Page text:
It was Dec. 9, 1969. I was sitting at my desk in the grammar school, when all of a sudden we heard a distant sound that grew louder and louder by the second as students got closer and closer to our school. My classmates and I looked at each other, then through the widows of our second-floor corner classroom. It had enormous windows all around that began at counter height and reached the ceiling. As the chanting students arrived at the school and began circling it, we rushed to the windows. The teacher kept telling us to get back in our seats and not to leave the classroom. But one by one, as the students recognized their older siblings, they ran outside to join them. Soon there were only a handful of us in the classroom. The building was almost emptied in minutes. Other teachers and a few students joined us in our classroom. I stared out the window mesmerized; my adrenaline pumped and my heart was raced. I looked for familiar faces and saw none. I remember wanting to run outside and join the students, but also wanted to stay there at the window to take it all in. I don’t remember leaving the building or participating in the organized teachings in the park. It was December, and I probably stayed home for the remaining two weeks of school before the winter break. The rest of the story I learned through listening to other’s memories of their participation and through history books.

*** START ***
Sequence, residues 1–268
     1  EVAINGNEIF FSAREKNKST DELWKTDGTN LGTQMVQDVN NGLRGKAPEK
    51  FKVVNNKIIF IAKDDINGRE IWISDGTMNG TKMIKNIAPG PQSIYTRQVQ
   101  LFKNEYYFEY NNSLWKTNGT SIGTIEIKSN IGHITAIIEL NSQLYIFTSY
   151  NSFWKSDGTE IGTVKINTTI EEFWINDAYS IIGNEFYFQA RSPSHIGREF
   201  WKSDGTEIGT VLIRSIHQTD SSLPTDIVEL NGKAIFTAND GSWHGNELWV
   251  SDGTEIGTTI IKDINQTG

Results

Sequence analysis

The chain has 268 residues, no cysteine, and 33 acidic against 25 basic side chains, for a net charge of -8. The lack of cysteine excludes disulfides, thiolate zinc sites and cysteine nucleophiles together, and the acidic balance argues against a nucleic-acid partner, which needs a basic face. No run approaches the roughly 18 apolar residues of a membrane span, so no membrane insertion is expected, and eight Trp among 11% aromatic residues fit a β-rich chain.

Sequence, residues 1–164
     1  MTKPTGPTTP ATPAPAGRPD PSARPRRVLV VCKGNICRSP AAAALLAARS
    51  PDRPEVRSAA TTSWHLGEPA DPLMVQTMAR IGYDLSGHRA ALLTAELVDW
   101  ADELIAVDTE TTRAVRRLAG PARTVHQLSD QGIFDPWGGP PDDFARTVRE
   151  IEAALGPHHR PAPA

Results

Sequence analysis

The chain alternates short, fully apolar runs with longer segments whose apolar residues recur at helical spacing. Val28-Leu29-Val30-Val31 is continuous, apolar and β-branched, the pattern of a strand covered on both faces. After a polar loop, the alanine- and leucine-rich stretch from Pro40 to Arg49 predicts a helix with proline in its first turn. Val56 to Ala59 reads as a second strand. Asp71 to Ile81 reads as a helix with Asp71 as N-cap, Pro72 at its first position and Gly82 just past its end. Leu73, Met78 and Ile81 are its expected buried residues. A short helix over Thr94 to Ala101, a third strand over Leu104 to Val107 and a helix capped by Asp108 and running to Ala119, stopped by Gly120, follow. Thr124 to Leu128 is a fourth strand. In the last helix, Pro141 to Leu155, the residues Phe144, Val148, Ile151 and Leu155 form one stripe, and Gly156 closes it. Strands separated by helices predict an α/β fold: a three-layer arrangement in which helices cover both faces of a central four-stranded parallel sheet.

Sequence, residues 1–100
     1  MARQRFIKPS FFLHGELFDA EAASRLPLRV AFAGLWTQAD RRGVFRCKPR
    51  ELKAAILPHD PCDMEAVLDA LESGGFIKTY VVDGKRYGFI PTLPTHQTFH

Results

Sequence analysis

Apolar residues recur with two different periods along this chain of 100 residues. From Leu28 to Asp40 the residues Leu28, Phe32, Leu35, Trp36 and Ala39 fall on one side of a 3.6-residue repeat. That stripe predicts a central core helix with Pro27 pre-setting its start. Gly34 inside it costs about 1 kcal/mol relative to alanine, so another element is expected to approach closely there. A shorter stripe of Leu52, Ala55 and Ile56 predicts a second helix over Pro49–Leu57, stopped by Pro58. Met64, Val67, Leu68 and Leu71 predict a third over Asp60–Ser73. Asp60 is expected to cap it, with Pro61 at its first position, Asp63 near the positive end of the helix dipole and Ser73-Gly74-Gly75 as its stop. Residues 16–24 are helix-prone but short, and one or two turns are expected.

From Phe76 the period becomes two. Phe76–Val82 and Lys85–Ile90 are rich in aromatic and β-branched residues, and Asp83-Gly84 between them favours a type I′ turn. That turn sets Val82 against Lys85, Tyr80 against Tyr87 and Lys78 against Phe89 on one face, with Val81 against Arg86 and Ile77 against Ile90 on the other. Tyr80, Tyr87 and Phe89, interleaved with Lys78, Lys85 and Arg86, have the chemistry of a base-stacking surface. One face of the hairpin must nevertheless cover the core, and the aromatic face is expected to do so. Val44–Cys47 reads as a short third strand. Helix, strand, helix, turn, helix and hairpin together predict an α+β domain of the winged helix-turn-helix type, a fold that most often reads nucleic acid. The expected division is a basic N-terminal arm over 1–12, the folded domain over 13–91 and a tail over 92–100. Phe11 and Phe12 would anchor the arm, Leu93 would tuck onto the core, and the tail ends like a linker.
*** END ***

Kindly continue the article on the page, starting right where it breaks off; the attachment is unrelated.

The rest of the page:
Those moments in time made a great impact on my life; I had become a child of the walkout and part of its legacy. I will always remember the students’ faces and body movements as they manifested their emotions through chants, signs and raised fists.
When I saw a vignette of Crystal City 1969 recently, the scene of the character Lara being spanked for speaking Spanish followed by the scene of her father threatening the principal was very emotional. It took several minutes and many deep breaths for me to rid myself of the knot in my stomach and throat. I am looking forward to seeing the play in full on opening night, which is Dec. 9, 2009. I think that for many, the experience of being spanked for speaking their own language, will provide them with cultural affirmation and perhaps heal old wounds caused by past insensitive practices.
Dallas has many connections to Crystal City. The first and most significant is the fact that the co-playwright’s father was the first bilingual education director for the Dallas Independent School District – a Cristaleño. Not only did Mario Treviño fight for the right to speak his own language and not be punished for it, but his brother was also instrumental in ensuring that other students were given equal educational opportunities in Dallas. The first Center for Mexican American Studies in North Texas – at the University of Texas in Arlington – was established by Dr. Jose Angel Gutierrez and created through the legislature by state Rep. Roberto R. Alonzo, both Cristaleños. The latter becoming the first [Mexican American] elected state representative in North Texas (Dallas – District 104).
It is fitting that Crystal City 1969 should make its world premiere in Dallas. Cara Mia is dedicated to presenting plays on the Chicano and Latino experience, and can be proud of its unique mission that no other theater company is attempting to promote – yet another reason to support the theater company and Crystal City 1969. For more information on the theatre or the play, visit http://www.caramiatheatre.com.